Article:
Kanner, J., Harel, S. & Mendel, H. Content and stability of α-tocopherol in fresh and dehydrated pepper fruits (Capsicum annuum L.). J. Agric. Food Chem. 27, 1316–1318 (1979).
Brigelius-Flohé, R. & Traber, M. G. Vitamin E: function and metabolism. Faseb J. 13, 1145–1155 (2016).
Hamam, F. & Shahidi, F. Acidolysis reactions lead to esterification of endogenous tocopherols and compromised oxidative stability of modified oils. J. Agric. Food Chem. 54, 7319–7323 (2006).
Maguire, L. S., O’Sullivan, S. M., Galvin, K., O’Connor, T. P. & O’Brien, N. M. Fatty acid profile, tocopherol, squalene and phytosterol content of walnuts, almonds, peanuts, hazelnuts and the macadamia nut. Int. J. Food Sci. Nutr. 55, 171–178 (2004).
Li, L., Tsao, R., Yang, R., Kramer, J. K. G. & Hernandez, M. Fatty acid profiles, tocopherol contents, and antioxidant activities of heartnut (Juglans ailanthifolia Var. cordiformis) and Persian walnut (Juglans regia L.). J. Agric. Food Chem. 55, 1164–1169 (2007).
Klink, G., Buchs, A. & Gülacar, F. O. Tocopheryl esters from Nymphea alba and Nuphar luteum. Phytochemistry 36, 813–814 (1994).
Biedermann, M., Haase-Aschoff, P. & Grob, K. Wax ester fraction of edible oils. Eur. J. Lipid Sci. Tech. 110, 1084–1094 (2008).
Pereira, A. S. et al. Three series of high molecular weight alkanoates found in Amazonian plants. Phytochemistry 61, 711–719 (2002).
Zou, L. & Akoh, C. C. Identification of tocopherols, tocotrienols, and their fatty acid esters in residues and distillates of structured lipids purified by short-path distillation. J. Agric. Food Chem. 61, 238–246 (2013).
Kreps, F. et al. Synthesis and analysis of tocopheryl quinone and tocopherol esters with fatty acids in heated sunflower oil. Eur. J. Lipid Sci. Tech. 118, 788–802 (2016).
Baxter, J. G., Robeson, C. D., Taylor, J. D. & Lehman, R. W. Natural α-, β- and γ-tocopherols and certain esters of physiological interest. J. Am. Chem. Soc. 65, 918–924 (1943).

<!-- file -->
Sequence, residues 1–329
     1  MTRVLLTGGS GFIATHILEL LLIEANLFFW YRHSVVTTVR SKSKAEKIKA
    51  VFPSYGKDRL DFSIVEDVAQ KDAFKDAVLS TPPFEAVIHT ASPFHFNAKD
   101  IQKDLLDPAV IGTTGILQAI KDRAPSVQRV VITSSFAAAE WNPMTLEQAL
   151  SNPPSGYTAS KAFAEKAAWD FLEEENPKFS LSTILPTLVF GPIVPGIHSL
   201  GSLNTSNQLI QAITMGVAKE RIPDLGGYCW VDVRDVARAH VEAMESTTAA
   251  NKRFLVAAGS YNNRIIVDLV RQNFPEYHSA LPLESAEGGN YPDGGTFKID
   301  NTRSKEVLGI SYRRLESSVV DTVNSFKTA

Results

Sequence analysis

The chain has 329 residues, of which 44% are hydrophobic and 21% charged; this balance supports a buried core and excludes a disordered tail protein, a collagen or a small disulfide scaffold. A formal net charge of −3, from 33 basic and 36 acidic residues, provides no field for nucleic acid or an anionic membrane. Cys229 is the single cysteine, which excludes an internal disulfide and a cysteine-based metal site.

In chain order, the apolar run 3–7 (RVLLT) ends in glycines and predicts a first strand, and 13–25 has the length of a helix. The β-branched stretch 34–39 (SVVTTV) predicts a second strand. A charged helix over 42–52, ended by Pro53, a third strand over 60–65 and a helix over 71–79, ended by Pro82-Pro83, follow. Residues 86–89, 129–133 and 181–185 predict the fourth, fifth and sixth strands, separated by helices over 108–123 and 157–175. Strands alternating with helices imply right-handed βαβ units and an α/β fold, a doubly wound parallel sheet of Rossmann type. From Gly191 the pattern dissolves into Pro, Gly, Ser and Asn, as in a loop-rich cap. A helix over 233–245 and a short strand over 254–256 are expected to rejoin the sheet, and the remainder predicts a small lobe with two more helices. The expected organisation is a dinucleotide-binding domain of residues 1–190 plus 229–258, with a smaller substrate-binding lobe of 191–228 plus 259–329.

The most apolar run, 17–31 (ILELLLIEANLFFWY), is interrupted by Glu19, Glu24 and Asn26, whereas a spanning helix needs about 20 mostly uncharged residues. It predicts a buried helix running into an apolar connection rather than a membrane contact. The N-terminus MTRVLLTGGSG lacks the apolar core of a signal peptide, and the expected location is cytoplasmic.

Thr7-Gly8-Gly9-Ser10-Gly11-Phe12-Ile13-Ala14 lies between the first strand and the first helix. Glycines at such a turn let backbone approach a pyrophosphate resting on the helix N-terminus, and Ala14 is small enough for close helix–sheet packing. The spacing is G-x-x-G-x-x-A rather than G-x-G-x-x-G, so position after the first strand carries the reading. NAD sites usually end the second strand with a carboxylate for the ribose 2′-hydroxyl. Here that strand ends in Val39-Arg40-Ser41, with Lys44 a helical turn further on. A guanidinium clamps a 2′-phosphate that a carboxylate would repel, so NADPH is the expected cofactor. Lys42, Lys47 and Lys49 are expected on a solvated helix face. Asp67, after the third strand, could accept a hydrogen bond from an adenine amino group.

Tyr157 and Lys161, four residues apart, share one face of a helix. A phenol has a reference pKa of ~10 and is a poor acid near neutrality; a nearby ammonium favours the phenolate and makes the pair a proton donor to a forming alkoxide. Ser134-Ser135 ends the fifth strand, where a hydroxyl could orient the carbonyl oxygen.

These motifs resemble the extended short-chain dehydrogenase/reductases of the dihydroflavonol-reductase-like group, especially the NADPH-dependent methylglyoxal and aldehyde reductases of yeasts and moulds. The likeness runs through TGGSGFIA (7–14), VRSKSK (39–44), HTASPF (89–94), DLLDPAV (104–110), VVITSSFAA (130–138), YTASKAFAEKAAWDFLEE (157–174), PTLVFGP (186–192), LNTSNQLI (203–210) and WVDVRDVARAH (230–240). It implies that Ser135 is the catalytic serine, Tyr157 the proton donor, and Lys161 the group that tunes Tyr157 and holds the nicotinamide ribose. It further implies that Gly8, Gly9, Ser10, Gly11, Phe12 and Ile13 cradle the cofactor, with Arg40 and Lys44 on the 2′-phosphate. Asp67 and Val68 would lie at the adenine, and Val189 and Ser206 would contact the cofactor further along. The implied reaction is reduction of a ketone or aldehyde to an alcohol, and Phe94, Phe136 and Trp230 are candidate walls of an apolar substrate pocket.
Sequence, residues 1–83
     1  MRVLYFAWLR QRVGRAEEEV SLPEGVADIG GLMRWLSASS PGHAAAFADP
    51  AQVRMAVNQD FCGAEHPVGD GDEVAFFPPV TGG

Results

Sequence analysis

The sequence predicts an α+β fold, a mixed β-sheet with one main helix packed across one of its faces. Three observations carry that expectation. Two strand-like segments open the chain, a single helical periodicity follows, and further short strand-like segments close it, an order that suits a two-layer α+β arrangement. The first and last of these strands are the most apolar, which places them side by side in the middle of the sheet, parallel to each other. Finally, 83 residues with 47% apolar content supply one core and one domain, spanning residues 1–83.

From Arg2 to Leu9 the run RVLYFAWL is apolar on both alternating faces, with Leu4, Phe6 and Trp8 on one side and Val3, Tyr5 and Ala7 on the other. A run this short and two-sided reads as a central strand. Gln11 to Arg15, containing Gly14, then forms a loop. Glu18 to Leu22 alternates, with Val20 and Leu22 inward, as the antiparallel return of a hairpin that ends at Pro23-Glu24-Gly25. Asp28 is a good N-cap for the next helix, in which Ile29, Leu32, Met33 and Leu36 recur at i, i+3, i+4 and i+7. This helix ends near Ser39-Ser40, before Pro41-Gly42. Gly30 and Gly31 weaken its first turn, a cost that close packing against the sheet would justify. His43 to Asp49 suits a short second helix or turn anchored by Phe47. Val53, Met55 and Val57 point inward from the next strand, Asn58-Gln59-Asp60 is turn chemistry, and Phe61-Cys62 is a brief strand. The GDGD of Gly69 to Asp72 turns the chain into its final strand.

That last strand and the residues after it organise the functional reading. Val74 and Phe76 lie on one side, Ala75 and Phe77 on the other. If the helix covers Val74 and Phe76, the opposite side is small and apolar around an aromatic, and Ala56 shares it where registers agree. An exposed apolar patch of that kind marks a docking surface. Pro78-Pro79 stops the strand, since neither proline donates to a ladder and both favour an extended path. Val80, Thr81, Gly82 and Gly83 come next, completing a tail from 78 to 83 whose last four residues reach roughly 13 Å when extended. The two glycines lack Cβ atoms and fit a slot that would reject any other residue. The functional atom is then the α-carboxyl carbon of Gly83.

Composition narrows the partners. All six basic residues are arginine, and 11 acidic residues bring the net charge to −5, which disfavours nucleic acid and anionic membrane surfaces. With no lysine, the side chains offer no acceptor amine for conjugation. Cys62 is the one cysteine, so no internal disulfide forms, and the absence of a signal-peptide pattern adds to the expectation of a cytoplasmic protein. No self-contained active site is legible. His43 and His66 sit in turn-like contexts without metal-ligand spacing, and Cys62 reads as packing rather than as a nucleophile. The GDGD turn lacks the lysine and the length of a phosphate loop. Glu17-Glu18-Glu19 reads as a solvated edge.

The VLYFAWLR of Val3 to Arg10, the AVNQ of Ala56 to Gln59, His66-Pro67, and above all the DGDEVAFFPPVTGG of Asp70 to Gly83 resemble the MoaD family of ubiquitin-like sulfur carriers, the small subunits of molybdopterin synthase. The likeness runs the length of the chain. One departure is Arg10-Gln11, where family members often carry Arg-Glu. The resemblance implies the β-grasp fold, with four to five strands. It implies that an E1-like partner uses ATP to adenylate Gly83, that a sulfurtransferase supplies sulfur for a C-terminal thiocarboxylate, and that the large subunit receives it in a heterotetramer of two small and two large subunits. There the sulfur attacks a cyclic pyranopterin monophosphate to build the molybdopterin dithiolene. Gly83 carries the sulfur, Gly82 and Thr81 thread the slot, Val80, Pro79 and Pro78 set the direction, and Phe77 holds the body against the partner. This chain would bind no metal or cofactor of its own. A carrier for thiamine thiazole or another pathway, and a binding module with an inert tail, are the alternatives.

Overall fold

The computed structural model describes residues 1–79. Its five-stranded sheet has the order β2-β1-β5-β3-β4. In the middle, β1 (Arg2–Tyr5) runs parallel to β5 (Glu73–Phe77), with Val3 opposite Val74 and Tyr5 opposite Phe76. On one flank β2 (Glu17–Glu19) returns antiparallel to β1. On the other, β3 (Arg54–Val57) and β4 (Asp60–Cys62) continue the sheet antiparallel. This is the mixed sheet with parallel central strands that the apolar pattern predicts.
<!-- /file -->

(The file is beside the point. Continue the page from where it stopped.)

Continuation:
Krauß, S., Hammann, S. & Vetter, W. Phytyl fatty acid esters in the pulp of bell pepper (Capsicum annuum). J. Agric. Food Chem. 64, 6306–6311 (2016).
Heinlein, A. & Buettner, A. Monitoring of biotransformation of hop aroma compounds in an in vitro digestion model. Food Funct. 3, 1059–1067 (2012).
Krauß, S., Michaelis, L. & Vetter, W. Phytyl fatty acid esters in vegetables pose a risk for patients suffering from Refsum’s disease. Plos One 12, e0188035 (2017).
Ching, L. S. & Mohamed, S. Alpha-tocopherol content in 62 edible tropical plants. J. Agric. Food Chem. 49, 3101–3105 (2001).
Knecht, K., Sandfuchs, K., Kulling, S. E. & Bunzel, D. Tocopherol and tocotrienol analysis in raw and cooked vegetables: a validated method with emphasis on sample preparation. Food Chem. 169, 20–27 (2015).
Matsufuji, H., Ishikawa, K., Nunomura, O., Chino, M. & Takeda, M. Anti-oxidant content of different coloured sweet peppers, white, green, yellow, orange and red (Capsicum annuum L.). Int. J. Food Sci. Tech. 42, 1482–1488 (2007).
Franke, A. A., Murphy, S. P., Lacey, R. & Custer, L. J. Tocopherol and tocotrienol levels of foods consumed in Hawaii. J. Agric. Food Chem. 55, 769–778 (2007).
Daood, H. G., Tömösközi-Farkas, R. & Kapitány, J. Antioxidant content of bio and conventional spice red pepper (Capsicum annuum L.) as determined by HPLC. Acta Agron. Hung. 54, 133–140 (2006).